Natural Resources, School of


Date of this Version



Remote Sensing in Ecology and Conservation doi: 10.1002/rse2.147


(c) 2020 The Authors.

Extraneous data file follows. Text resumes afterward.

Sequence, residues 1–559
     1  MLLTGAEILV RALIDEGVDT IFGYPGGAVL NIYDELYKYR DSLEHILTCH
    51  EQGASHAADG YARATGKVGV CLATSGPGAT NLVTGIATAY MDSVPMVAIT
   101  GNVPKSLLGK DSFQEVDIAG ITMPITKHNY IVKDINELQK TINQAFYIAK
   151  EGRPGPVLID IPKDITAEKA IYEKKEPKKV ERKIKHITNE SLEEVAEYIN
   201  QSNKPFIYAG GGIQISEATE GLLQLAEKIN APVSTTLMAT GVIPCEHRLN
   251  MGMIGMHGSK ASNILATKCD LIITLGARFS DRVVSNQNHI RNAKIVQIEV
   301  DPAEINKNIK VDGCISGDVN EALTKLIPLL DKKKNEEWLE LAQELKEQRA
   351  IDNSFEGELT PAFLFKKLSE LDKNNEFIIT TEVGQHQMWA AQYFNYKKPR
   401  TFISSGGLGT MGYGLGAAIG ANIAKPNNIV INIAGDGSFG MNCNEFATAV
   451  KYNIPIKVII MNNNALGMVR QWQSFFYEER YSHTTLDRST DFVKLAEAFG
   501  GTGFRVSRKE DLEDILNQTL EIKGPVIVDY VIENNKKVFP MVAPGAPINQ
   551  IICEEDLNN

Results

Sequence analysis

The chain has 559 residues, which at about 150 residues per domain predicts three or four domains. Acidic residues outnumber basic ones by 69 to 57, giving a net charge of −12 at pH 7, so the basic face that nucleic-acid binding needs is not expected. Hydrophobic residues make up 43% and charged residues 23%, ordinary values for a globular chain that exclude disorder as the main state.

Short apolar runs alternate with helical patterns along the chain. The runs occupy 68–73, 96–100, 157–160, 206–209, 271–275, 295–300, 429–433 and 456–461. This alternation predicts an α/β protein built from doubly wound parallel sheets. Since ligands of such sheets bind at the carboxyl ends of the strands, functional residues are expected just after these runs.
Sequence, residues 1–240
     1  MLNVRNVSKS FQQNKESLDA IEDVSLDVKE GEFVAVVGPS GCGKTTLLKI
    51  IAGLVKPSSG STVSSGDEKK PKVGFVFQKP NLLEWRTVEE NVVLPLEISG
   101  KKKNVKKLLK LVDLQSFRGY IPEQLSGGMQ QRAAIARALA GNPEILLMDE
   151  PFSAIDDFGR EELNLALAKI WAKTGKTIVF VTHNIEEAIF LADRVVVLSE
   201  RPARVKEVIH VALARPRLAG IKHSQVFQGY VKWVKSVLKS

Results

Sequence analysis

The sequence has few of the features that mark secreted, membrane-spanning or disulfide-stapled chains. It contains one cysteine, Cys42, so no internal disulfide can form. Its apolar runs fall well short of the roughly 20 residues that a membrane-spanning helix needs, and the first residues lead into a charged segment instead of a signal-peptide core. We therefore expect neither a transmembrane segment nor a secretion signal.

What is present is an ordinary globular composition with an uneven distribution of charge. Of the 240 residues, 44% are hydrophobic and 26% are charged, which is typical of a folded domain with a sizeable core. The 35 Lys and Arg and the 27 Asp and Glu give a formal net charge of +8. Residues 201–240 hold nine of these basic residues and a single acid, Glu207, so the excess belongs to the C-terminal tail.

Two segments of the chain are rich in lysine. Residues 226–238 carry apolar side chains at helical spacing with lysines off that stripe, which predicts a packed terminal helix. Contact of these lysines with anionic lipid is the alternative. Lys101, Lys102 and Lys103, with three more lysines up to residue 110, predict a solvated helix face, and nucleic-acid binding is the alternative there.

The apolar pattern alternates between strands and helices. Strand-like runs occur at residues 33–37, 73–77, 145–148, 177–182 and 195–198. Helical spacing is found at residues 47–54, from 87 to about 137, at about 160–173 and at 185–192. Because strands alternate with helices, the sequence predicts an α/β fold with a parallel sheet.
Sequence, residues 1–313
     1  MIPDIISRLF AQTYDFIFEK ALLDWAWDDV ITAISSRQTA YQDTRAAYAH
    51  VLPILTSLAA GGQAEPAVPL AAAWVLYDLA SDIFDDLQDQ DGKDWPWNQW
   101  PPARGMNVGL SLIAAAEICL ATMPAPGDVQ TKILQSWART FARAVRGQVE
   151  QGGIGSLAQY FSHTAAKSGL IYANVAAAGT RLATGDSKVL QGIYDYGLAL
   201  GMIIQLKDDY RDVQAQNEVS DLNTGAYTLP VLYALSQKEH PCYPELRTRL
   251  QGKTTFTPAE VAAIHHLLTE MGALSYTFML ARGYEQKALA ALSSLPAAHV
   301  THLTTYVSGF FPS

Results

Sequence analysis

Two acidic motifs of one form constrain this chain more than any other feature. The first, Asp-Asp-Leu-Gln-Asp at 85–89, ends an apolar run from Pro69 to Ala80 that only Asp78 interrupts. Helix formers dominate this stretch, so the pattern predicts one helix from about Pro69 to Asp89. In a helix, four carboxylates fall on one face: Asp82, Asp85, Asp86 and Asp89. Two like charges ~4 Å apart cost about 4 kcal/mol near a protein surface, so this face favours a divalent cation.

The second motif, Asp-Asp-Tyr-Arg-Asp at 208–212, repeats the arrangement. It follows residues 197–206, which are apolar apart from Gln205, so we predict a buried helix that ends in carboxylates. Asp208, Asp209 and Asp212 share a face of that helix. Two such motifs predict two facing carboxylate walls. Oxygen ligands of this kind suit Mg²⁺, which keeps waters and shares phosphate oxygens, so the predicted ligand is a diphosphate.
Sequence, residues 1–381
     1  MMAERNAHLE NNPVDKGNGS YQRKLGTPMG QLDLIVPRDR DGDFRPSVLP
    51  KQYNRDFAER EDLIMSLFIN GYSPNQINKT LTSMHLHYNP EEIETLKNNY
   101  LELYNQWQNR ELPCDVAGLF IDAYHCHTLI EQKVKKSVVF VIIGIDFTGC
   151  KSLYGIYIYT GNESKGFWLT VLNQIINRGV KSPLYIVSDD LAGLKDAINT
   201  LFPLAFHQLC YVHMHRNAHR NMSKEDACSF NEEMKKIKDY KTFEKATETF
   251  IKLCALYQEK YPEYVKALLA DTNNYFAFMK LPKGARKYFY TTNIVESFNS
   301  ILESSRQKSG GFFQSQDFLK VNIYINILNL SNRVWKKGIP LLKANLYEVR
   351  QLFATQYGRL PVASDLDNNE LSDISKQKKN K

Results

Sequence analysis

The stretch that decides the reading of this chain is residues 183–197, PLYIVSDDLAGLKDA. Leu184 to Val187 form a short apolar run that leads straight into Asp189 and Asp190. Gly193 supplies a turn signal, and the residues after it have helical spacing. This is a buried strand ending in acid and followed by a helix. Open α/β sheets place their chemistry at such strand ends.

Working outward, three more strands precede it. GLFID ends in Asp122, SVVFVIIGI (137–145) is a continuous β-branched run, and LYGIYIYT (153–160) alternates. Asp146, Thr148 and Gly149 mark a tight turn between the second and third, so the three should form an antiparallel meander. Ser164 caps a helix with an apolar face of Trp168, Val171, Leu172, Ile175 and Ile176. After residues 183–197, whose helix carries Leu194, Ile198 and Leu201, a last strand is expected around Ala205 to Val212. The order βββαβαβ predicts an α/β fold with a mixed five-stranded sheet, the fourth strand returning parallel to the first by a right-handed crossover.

Understanding insect and fish interactions from a spatial and temporal perspec-tive can have implications on large-scale phenology in freshwater systems, yet current information is limited. We employed a novel approach of combining information from acoustic telemetry for six freshwater fish species and weather radar to assess the phenology of mayfly emergence and foraging patterns of freshwater fish. We hypothesized that freshwater fish conduct synchronous movements with annual mayfly hatches as a pulse resource opportunity. Gener-alized additive models were developed to assess movement distance as a func-tion of species and time; before, during, and after annual mayfly hatch events. A cross-section abundance index was also employed to quantify dynamics of aerial mayflies. Hatch dynamics revealed nocturnal emergence behaviour with annual variations in intensity, spatial extent, and origin. We found that the hatch was likely a pulse resource feeding opportunity for channel catfish, com-mon carp, freshwater drum, and walleye instead of a synchronized feeding event. Bigmouth buffalo and lake sturgeon utilized riverine habitat away from the hatch and did not likely forage on the emerging mayflies. Remote sensing of fishes and emergent insects using our approach is the first attempt at bridg-ing the capabilities of fisheries ecology and aeroecology to advance movement ecology.